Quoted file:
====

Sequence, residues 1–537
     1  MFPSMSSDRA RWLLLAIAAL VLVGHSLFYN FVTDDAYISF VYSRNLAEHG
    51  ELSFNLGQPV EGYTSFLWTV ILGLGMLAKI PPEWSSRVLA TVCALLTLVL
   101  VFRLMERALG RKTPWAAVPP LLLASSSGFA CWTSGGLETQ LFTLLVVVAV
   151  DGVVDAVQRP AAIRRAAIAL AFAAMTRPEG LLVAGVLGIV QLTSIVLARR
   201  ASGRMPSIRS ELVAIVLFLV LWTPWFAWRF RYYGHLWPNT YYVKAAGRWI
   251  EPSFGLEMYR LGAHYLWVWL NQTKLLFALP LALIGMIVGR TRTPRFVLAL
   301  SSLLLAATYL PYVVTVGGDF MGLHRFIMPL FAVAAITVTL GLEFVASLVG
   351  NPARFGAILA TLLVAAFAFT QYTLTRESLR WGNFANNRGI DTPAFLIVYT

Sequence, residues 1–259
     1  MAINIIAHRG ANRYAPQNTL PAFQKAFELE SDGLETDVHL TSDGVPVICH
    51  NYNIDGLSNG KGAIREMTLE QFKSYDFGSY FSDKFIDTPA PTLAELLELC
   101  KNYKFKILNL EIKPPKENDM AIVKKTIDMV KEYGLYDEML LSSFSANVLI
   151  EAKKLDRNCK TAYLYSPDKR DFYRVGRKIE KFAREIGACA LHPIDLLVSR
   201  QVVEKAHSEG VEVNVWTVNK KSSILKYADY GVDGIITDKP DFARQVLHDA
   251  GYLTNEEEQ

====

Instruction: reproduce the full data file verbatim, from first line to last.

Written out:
Sequence, residues 1–537
     1  MFPSMSSDRA RWLLLAIAAL VLVGHSLFYN FVTDDAYISF VYSRNLAEHG
    51  ELSFNLGQPV EGYTSFLWTV ILGLGMLAKI PPEWSSRVLA TVCALLTLVL
   101  VFRLMERALG RKTPWAAVPP LLLASSSGFA CWTSGGLETQ LFTLLVVVAV
   151  DGVVDAVQRP AAIRRAAIAL AFAAMTRPEG LLVAGVLGIV QLTSIVLARR
   201  ASGRMPSIRS ELVAIVLFLV LWTPWFAWRF RYYGHLWPNT YYVKAAGRWI
   251  EPSFGLEMYR LGAHYLWVWL NQTKLLFALP LALIGMIVGR TRTPRFVLAL
   301  SSLLLAATYL PYVVTVGGDF MGLHRFIMPL FAVAAITVTL GLEFVASLVG
   351  NPARFGAILA TLLVAAFAFT QYTLTRESLR WGNFANNRGI DTPAFLIVYT

Sequence, residues 1–259
     1  MAINIIAHRG ANRYAPQNTL PAFQKAFELE SDGLETDVHL TSDGVPVICH
    51  NYNIDGLSNG KGAIREMTLE QFKSYDFGSY FSDKFIDTPA PTLAELLELC
   101  KNYKFKILNL EIKPPKENDM AIVKKTIDMV KEYGLYDEML LSSFSANVLI
   151  EAKKLDRNCK TAYLYSPDKR DFYRVGRKIE KFAREIGACA LHPIDLLVSR
   201  QVVEKAHSEG VEVNVWTVNK KSSILKYADY GVDGIITDKP DFARQVLHDA
   251  GYLTNEEEQ